These two groups were later joined by a third: anarchist souls. The Karmati zeal and the Kharijite restlessness pushed some Muslims into the web of terrorists, causing them to be involved with chaos, threatening and even murdering people. Whatever the motive was, be it national or religious, some imprudent individuals were manipulated by some dark power sources. They were denied the slightest share of religion by their actions; yet they committed murders on behalf of it, and handed over their trump card to those who were already standing opposed to religion.
Anarchists, Murderers of Innocents!
Anarchists legitimized the actions of some tyrants against Muslims. They came into being as rebels against the state, and they refused to recognize democracy or the secular system. The natural outcome of such a situation was that the state used it as an excuse to suppress such insurgences. In the meantime, obscure suspicions were construed as actual incidents and many innocent people were hurt on the false grounds that “there is a possibility that they may be dangerous.” In Islam there are no suicide bombers. All throughout history Islam has never issued permission to the murder of innocent people; this is out of the question. However, as a consequence of the actions of some people, people similar to the Karmatis and Kharijites, who have been deceived or manipulated by drugs or in some other way, many other innocents have been defamed, and pristine face of Islam has been tarnished. Muslims, the representatives of submission to God and security, have been depicted as potential terrorists.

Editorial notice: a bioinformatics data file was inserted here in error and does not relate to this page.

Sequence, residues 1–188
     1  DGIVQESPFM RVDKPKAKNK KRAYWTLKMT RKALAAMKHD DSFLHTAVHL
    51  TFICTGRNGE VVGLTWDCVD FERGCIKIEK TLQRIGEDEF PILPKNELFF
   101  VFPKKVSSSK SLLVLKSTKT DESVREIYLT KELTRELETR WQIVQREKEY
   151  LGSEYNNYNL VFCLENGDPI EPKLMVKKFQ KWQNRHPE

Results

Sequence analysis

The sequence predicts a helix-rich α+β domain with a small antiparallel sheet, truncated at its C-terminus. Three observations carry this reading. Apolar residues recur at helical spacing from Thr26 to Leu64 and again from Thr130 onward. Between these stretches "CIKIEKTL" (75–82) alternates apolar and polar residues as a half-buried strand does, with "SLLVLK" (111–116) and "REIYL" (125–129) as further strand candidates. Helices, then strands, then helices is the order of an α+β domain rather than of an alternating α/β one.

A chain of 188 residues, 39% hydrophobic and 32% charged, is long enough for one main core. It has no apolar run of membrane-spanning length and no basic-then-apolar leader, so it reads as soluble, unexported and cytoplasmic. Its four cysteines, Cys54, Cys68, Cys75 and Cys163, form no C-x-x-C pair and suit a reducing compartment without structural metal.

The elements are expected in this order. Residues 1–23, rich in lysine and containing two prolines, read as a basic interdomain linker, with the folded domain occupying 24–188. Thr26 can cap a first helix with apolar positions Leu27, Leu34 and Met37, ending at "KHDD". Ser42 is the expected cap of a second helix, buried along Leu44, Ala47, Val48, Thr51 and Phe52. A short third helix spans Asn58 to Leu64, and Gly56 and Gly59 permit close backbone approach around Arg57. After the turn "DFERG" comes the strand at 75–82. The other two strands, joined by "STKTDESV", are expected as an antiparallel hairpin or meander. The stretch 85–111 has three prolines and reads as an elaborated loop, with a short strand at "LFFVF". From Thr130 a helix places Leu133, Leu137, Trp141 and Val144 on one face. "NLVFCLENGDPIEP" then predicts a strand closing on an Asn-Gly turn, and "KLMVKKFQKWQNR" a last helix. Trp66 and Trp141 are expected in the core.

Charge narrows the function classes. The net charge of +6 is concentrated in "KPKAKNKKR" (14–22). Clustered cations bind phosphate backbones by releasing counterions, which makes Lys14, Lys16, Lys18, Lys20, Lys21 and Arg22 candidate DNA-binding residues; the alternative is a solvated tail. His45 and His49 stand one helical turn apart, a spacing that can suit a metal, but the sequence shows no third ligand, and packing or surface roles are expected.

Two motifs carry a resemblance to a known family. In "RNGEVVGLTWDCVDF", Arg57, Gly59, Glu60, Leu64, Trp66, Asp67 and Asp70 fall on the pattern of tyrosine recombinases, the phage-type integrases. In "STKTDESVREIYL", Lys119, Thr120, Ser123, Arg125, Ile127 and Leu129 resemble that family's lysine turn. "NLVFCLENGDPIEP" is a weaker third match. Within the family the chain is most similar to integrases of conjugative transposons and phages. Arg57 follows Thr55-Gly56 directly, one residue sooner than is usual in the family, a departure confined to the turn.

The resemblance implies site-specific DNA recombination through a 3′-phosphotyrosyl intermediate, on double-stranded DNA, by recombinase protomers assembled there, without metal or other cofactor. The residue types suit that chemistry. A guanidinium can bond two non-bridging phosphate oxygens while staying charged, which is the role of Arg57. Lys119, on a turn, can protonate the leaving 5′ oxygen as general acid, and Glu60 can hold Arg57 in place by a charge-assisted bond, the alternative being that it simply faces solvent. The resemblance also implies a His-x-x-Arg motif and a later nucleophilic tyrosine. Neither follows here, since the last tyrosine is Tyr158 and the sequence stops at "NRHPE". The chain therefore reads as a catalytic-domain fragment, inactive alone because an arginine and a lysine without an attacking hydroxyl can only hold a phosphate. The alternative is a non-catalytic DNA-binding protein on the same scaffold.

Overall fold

Two factors can be listed which aggravate the issue: the first is the fury, coercion, and determination of the tyrants; the second is the actions and conduct of some imprudent people which substantiate the cause of the tyrants.
Throughout the process, the greatest harmed have been those in the middle, those in doubt and hesitation. They have observed what has been going on, and seeing in the front those anarchist souls, nihilists, and a few Karmatis and Kharijites, they thought “they have done far too much, they deserve punishment.” In this way, they have endorsed the coercive operations of the tyrants, perceiving them as being carried out in defense of the system. Moreover, those in the administration either then deliberately overlooked all that was happening, or were incapable of comprehending the true extent of things. Those people who hesitated in the middle were overwhelmed by their doubts and consented to the deterioration of the atmosphere of tolerance and to the hands that had been extended for peace being pulled back.
It is also important to note that it is always easier to inflict damage; damage can be influential, even if it is apparently small in size or carried out by only a few. Destruction is easy. Libeling, lying, slandering can always be done very easily by a few hired writers. Many people, as well as many institutions, have been defamed in this way. They have even organized slander campaigns concealed by the so-called “freedom of press.” These campaigns were always brought to a court of law to be refuted and compensated; however, these trials lasted months and a verdict was reached at a much later date. The evil intentions had already been fulfilled, leaving behind tainted images in some minds.